Approximately 25 to 40 percent of people who have ulcerative colitis will eventually need surgery to remove the colon, according to the Crohn's and Colitis Foundation. In some cases, your surgeon may be able to connect to your small intestine to your anus, which will allow you to defecate normally. If that's not possible, a bag attached to the abdomen will be used to collect stool.
Ulcerative colitis is a serious inflammatory bowel disease, but it's symptoms can often be managed with medication, dietary changes and stress relief techniques, allowing you to live a fairly normal life.
Diverticulitis is a condition in which small pouches or sacs called diverticula form in the large intestine, or colon, and become inflamed. When the sacs are inflamed, they can bulge outward and cause abdominal pain and discomfort. In addition to abdominal pain, several other symptoms can be associated with diverticulitis. If you are experiencing any of the symptoms associated with this condition, see a gastroenterologist for a diagnosis and possible treatment options.
Symptoms & Causes
The exact cause of diverticulitis is unclear. However, there seems to be a link between a diet too low in fiber and the development of diverticulitis. When fiber is lacking in the diet, the colon works harder to move stools through the intestinal tract. It is possible that the pressure from the increased effort to move the stool can lead to the formation of diverticula along the interior of the color or large intestine. Maintaining a diet with sufficient fiber intake can potentially help prevent diverticulitis.
Various symptoms can be associated with diverticulitis. Abdominal pain is a common symptom and tends to be felt primarily on the left side. Other symptoms associated with diverticulitis include:
- abdominal pain
A variety of options are available for treating diverticulitis. For less severe cases, a combination of antibiotics, pain relievers and a liquid diet can be sufficient to resolve the diverticulitis. More serious cases of diverticulitis in which patients cannot drink liquids can require a hospital stay. While in the hospital, all nutrition will be obtained intravenously. Avoiding eating and drinking by mouth gives the bowel time to rest and recover and can help clear up the diverticulitis. If the condition is still severe, surgery might be required.
Diverticulitis can result in a lot of pain and discomfort. Fortunately, there are treatments that can provide relief. See a gastroenterologist for diagnosis and a treatment plan.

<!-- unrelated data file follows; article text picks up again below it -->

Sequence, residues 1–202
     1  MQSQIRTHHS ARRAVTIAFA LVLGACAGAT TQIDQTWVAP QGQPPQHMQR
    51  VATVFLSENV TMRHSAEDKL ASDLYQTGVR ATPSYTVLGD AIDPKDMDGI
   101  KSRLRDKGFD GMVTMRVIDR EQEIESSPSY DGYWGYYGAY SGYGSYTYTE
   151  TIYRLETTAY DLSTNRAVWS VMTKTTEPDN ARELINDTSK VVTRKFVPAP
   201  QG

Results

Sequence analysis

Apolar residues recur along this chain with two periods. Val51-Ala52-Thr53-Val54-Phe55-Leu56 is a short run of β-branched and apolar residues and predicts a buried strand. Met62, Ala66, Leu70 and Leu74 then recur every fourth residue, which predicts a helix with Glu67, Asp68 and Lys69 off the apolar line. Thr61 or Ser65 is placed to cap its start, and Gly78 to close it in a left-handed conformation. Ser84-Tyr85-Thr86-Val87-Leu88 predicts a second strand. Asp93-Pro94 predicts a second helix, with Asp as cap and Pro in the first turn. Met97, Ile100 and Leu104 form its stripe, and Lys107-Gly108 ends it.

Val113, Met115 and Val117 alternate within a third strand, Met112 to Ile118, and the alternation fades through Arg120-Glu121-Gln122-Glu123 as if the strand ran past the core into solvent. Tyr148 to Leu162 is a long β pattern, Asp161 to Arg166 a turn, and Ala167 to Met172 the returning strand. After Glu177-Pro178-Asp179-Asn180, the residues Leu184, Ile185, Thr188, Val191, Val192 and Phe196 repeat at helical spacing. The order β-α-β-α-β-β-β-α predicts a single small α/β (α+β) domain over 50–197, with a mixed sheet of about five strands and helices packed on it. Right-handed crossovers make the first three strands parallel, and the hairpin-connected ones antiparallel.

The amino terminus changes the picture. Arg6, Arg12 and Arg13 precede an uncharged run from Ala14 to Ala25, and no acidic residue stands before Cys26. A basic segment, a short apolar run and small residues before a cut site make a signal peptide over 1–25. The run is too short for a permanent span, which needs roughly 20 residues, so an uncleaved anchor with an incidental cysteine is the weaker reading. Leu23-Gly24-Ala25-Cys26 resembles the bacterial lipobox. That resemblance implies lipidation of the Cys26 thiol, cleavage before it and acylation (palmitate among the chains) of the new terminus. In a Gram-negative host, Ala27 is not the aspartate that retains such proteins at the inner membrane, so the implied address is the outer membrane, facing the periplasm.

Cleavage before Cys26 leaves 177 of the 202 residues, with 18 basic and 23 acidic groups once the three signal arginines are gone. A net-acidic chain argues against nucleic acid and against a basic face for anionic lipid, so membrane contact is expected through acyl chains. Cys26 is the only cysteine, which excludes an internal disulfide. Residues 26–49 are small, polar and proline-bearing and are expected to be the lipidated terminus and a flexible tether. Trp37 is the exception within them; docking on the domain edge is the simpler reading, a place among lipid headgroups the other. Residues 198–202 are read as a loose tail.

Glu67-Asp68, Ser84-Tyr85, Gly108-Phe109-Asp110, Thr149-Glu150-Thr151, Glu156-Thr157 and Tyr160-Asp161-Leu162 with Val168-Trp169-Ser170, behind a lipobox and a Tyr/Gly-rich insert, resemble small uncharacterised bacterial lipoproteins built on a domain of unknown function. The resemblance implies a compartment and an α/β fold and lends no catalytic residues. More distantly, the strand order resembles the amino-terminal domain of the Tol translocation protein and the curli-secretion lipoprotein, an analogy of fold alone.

Acute pancreatitis strikes suddenly, causing severe pain and vomiting. More than 300,000 people are admitted to U.S. hospitals every year due to acute pancreatitis, according to The National Pancreas Foundation.
What causes acute pancreatitis?
If you have gallstones, you may be at increased risk of developing acute pancreatitis. The condition can occur when stones get stuck in the common bile duct and prevent pancreatic fluids from flowing freely. Stones can also force bile to flow back into the pancreas, which may damage it.
You may also develop acute pancreatitis if your calcium or triglyceride levels are very high, or you have an autoimmune disorder, infection, an overactive parathyroid gland, cystic fibrosis or regularly take certain medications. High alcohol consumption can cause pancreatitis, particularly if you've been a heavy drinker for years. In some cases, the cause of acute pancreatitis can't be determined.
What are the symptoms of acute pancreatitis?
Pain from acute pancreatitis is felt in the upper part of the abdomen, although it can extend to your back. The pain may be mild at first, but may become severe and constant and may worsen after you eat or drink alcohol. Other symptoms include fever, nausea, vomiting, diarrhea and a rapid pulse. Prompt treatment is essential if you experience any of these symptoms. The condition can cause bleeding, infections and may even damage your kidneys, lungs and heart if the attack is severe. Although most people recover from acute pancreatitis, the condition can be life-threatening.
How is acute pancreatitis treated?
If your condition is caused by gallstones, you'll need surgery to remove the stones. In some cases, surgery may also be needed to keep your bile ducts open. If you're admitted to the hospital, you'll be given fluids to prevent dehydration caused by vomiting and diarrhea and may receive medication for nausea and pain. Foods and beverages are usually stopped for one to two days after you're admitted to the hospital.
Changing your medications, avoiding alcohol and addressing the causes of high triglyceride or calcium levels may help prevent further bouts of acute pancreatitis. If you have numerous attacks of acute pancreatitis or continue to drink alcohol, the condition can become chronic.
Although it's not always possible to prevent acute pancreatitis, you can reduce your risk by exercising regularly, following a healthy diet and avoiding heavy consumption of alcohol.